Last year was an amazing time to be in health care funds. According to Lipper, the average health care fund rose a whopping 48% in 2013 compared with 33% for the average stock fund. It was also the third consecutive year health care has outperformed the market as a whole.
All this has happened at a time when companies in the sector have expressed concerns and fears about how the new health care regulations could impact the industry. New regulations will mandate how health insurance is delivered, what it must cover and how health care service providers document performance and deliver patient care. Although they remain cautious, industry analysts and executives are also relatively positive. Impacts will vary by subsector, but analysts say the new requirements on health insurance companies could be offset by the benefits of receiving millions of new customers. And from pharmaceutical companies to health care services providers, experts say the boom in business could bode well for health care stocks and funds in the coming years.
If you’re shopping for a health care fund to complement other sectors in your diverse portfolio, Todd Rosenbluth, director of ETF and mutual fund research with S&P Capital IQ, recommends taking a careful look at the underlying subsectors in the fund. Many health care funds are especially heavy on biotech and pharmaceuticals because of their spectacular performance in recent years. Effective managers may adjust allocations in the coming years to capitalize on certain positive trends that may come from the changes in health care regulations.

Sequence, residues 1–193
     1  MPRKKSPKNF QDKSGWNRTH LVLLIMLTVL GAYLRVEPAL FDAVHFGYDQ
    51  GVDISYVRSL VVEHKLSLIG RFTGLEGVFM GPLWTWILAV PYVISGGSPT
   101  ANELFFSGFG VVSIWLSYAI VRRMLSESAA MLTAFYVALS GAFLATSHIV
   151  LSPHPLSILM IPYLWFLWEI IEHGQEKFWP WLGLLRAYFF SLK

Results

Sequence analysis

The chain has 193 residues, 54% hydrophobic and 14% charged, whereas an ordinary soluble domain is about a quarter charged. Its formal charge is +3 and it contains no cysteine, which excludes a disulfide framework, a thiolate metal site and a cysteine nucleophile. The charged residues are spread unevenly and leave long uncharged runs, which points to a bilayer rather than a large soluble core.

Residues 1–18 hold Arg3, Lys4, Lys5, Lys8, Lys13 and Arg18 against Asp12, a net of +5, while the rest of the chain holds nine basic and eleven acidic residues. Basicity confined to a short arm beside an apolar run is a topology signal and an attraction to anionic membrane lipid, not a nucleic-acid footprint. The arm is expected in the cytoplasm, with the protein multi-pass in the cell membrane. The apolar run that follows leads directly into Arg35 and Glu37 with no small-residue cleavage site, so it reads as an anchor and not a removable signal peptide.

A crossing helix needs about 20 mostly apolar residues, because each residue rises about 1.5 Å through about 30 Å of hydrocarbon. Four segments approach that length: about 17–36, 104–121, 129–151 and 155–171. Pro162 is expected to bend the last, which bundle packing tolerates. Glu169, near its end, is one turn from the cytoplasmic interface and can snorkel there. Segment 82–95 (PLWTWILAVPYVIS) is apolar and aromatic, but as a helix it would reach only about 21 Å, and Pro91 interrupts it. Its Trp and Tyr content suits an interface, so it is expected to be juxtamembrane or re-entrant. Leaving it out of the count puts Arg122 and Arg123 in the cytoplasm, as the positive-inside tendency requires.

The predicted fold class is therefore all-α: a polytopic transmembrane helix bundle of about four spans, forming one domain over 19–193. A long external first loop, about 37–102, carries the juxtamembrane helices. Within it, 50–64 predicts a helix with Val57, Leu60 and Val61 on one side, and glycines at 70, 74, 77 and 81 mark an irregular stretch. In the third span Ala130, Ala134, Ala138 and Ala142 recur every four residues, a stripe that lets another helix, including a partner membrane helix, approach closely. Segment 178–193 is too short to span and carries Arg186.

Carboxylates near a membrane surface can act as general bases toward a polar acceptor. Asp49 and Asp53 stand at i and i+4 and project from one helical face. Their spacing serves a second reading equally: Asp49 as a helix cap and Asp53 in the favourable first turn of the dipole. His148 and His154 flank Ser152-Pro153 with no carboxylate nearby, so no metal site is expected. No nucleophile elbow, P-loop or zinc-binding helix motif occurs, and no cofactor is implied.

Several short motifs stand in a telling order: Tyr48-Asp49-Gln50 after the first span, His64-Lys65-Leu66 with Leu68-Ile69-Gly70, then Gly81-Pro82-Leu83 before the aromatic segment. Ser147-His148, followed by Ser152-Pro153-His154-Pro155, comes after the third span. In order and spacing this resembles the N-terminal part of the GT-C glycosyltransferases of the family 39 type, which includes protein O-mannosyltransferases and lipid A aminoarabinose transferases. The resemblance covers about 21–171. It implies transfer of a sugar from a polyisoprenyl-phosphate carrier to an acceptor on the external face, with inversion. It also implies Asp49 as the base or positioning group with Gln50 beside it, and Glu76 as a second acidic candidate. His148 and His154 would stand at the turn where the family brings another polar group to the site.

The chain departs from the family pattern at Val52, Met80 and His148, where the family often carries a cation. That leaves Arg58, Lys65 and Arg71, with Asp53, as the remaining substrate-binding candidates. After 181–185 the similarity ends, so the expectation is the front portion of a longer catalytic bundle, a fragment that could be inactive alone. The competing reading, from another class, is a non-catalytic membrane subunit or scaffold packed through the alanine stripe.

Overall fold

Despite the run-up, Rosenbluth remains positive on a number of widely health health care stocks and funds. He says investors should still view the sector positively as long as it remains a proportionate part of a properly diversified portfolio.
“We think you should be increasing your exposure to health care but not replacing your broadly diversified funds with health care because it may not continue to outperform,” says Rosenbluth.
Investors who own a large-cap index fund likely already have between 10% and 15% of their assets in the health care sector, says Morningstar fund analyst Flynn Murphy. He says investors should double-check their portfolio to ensure they’re properly diversified and have the appropriate exposure to the sector. Another advantage of the health care sector is that it typically provides a buffer in down markets.
Companies in this sector “are not immune to a broader downturn in the economy, but they do tend to mitigate losses, and whereas demand for consumer goods may drop, the demand for health care doesn’t fall as sharply,” says Murphy.